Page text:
The reason I mention this is because there are up to 33 million people out of work who may not be able to step right back into a job come May, June, or even July. Some restaurant staff I've spoken to in my home state of Washington have mentioned that their establishments may remain closed to dine-in customers during the phase 2 opening, where capacity remains under 50% and bars remain closed. Opening restaurants at sub-50% capacity may not be worth their while, relative to the nominal expenditures associated with takeout orders. Translation: Business activity isn't going to bounce back as quickly as everyone thinks.

An up-close view of a woman wearing a face mask.

Image source: Getty Images.

3. A second infection wave is possible/probable: Another concern for the U.S. economy is that a second round of coronavirus infections is possible, if not probable.

To be clear, it's not just the U.S. that's at risk of a second wave of infections. Without a vaccine, any country is susceptible to an increase in daily infections. But the U.S. is unique in that it's the outlier of developed countries when it comes to its daily confirmed case curve.

Whereas nearly all developed countries have seen a steady decline in their COVID-19 daily infection rate (i.e., most look like a bell curve), the U.S. hasn't turned that corner. Rather, infection rates have merely leveled off on a daily basis right as some states begin reopening for business. Though we have witnessed marked progress in New York City, the No. 1 global hotspot for coronavirus cases, the rest of the country as a whole isn't faring as well.

4. Wall Street can't set any bars for Q2 earnings: Fourth, don't overlook the role that Wall Street has played in aiding this bounce back in the stock market. Typically, publicly traded businesses provide sales and profit guidance, and not-so-surprisingly, those businesses consistently surpass Wall Street's per-share profit expectations.

However, things are going to be different beyond the first quarter. The vast majority of companies have removed their 2020 guidance, which leaves Wall Street with little to go on with regard to second- and third-quarter estimates. You may not realize it, but investors rely on consistent earnings "beats" to push the stock market higher. With Wall Street no longer able to set the bar low for public companies to step over, we're going to see investors having no choice but to focus on year-over-year or sequential quarterly operating performances, rather than how well a company did relative to Wall Street's low-bar expectations. And hint, hint... those year-on-year comps will be ugly!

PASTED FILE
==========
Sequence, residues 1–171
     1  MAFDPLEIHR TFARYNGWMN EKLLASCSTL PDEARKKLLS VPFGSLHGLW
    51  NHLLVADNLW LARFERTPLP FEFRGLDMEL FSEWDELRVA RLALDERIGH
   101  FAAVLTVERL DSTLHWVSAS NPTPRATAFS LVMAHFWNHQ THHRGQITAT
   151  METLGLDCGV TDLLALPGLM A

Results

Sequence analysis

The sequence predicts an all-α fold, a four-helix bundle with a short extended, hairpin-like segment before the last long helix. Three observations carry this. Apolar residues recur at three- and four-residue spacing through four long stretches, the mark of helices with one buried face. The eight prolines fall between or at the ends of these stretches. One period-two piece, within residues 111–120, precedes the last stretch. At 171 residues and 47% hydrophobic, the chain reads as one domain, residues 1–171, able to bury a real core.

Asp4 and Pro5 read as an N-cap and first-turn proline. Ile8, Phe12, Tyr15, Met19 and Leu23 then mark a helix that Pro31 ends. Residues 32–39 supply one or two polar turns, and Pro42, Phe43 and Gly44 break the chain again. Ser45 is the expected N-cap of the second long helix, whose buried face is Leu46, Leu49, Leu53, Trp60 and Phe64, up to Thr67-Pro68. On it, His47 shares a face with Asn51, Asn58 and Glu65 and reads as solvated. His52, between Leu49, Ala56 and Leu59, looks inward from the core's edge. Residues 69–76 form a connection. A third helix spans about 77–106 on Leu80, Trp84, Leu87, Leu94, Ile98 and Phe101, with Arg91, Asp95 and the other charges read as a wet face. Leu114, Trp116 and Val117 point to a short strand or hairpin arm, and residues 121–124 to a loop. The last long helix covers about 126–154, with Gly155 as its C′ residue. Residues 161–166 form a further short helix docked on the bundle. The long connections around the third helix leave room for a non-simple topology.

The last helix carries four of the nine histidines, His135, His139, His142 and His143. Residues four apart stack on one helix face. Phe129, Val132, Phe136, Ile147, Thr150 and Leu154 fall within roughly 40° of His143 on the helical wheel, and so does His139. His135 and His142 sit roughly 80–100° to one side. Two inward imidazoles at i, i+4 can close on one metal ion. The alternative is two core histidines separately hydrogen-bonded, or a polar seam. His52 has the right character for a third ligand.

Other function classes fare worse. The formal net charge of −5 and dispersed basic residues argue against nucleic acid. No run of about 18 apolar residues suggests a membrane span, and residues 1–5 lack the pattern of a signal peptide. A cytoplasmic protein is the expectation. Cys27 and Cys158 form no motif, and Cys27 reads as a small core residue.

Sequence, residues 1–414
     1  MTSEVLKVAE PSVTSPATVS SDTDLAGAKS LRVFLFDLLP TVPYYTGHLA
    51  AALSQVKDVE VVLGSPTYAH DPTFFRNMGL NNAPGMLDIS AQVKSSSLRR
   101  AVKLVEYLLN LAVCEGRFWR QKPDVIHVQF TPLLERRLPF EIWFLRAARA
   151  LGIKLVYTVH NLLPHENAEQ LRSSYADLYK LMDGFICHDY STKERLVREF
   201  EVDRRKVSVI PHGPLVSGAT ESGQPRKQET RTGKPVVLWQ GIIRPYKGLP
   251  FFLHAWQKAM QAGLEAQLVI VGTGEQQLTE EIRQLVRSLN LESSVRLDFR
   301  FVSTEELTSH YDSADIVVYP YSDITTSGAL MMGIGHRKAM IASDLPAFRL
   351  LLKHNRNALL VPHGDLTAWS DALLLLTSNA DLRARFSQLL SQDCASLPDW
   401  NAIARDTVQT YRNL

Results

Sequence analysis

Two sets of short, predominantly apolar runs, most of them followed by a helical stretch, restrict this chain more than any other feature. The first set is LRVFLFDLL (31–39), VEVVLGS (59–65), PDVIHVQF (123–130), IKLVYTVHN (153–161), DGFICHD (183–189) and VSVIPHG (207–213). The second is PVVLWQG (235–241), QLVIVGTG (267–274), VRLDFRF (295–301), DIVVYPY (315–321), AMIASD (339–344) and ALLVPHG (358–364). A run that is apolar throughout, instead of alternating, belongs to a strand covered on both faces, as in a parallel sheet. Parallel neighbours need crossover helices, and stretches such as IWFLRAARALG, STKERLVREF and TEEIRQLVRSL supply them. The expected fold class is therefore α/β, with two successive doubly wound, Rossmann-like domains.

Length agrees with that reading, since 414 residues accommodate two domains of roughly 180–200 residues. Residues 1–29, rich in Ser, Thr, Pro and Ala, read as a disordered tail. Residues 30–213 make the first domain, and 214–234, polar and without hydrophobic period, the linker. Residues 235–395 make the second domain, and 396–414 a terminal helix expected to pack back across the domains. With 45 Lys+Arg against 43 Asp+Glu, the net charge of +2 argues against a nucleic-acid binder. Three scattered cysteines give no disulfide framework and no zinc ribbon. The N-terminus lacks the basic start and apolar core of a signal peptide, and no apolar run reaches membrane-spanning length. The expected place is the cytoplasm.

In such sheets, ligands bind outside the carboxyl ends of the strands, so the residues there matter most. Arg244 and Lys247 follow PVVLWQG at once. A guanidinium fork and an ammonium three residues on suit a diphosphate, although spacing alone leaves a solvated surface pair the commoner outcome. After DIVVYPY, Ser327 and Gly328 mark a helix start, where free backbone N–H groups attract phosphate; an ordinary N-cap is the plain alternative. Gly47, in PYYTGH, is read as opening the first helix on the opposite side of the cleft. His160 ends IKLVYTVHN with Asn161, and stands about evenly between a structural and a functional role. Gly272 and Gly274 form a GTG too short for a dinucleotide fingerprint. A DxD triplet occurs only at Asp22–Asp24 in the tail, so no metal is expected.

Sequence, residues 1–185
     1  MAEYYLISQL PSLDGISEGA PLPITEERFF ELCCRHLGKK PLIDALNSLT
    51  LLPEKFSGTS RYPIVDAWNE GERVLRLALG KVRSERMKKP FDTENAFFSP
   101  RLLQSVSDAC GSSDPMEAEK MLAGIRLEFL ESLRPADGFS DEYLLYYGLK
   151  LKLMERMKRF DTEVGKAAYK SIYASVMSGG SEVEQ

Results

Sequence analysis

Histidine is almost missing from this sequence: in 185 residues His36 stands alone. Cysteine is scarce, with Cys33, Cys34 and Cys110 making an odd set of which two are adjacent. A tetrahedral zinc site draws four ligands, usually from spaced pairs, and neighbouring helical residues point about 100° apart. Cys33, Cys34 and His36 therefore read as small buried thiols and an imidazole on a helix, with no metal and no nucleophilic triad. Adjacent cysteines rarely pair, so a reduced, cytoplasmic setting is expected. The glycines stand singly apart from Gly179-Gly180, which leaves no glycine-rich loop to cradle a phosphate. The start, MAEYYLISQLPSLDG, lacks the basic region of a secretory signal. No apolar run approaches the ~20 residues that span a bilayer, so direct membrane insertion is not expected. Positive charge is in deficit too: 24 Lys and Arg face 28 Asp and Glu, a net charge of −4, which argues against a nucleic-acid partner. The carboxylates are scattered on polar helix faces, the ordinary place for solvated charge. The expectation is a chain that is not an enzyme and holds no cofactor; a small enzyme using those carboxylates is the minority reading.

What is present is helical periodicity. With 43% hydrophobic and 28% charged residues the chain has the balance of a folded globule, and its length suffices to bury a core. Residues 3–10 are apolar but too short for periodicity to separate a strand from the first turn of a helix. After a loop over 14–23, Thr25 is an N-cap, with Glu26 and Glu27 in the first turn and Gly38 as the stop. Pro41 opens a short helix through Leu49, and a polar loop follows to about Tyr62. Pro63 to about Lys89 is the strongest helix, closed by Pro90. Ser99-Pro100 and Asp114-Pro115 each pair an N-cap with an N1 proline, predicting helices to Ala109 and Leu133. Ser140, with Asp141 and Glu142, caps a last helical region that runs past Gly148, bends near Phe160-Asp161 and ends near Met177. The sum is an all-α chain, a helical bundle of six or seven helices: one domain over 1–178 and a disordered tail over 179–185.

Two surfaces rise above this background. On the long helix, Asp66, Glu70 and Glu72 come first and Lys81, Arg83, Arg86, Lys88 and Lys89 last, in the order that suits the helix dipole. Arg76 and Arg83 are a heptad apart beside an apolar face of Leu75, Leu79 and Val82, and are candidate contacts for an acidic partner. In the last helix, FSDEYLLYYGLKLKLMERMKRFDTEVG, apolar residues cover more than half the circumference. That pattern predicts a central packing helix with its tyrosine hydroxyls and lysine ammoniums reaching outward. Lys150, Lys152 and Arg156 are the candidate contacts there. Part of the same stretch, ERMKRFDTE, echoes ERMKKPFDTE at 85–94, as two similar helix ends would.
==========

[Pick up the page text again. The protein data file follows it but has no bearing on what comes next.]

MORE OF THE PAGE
5. The Fed can't prevent a recession: Fifth and finally, investors need to understand that the Federal Reserve can't prevent a coronavirus-fueled recession. There's no question that the Fed's unlimited quantitative-easing measures are going to make liquidity easier to access for businesses. But the fact remains that lowering interest rates to spur lending does no good when consumers are too afraid to leave their homes or spend money.

A small pile of one hundred dollar bills, with Ben Franklin's eyes peering between a number of overlaid bills.

Image source: Getty Images.

Here's what I'm doing

While there's no guarantee the stock market pushes to new lows or even rolls over, I believe there's enough evidence to prepare in the short term as if there'll be a stock market crash 2.0.

What am I doing, you ask? First of all, I'm not planning to sell anything I own. The stocks I've purchased were bought with a long-term thesis in mind. With the exception of one of my 26 holdings, those investment theses still hold water today and should continue to do so no matter what COVID-19 throws at the U.S. economy.

I'm also collecting dry powder like a squirrel prepping for winter. By this I mean I'm gathering cash to put to work for what I suspect will be a significant second wave lower. I don't plan to use any margin when buying stocks if the market rolls over and suggest you avoid it, too.

Lastly, I'll be itching to buy, albeit in small quantities. Everyone has their preference for investing, and I consider myself a nibbler. With most brokerages removing commissions to buy and sell stocks, it's made it easier than ever to put money to work in the market.

It could still be a few weeks (or even months) before the S&P 500 reverses course, but if and when it does, I'll be ready to put my capital to work.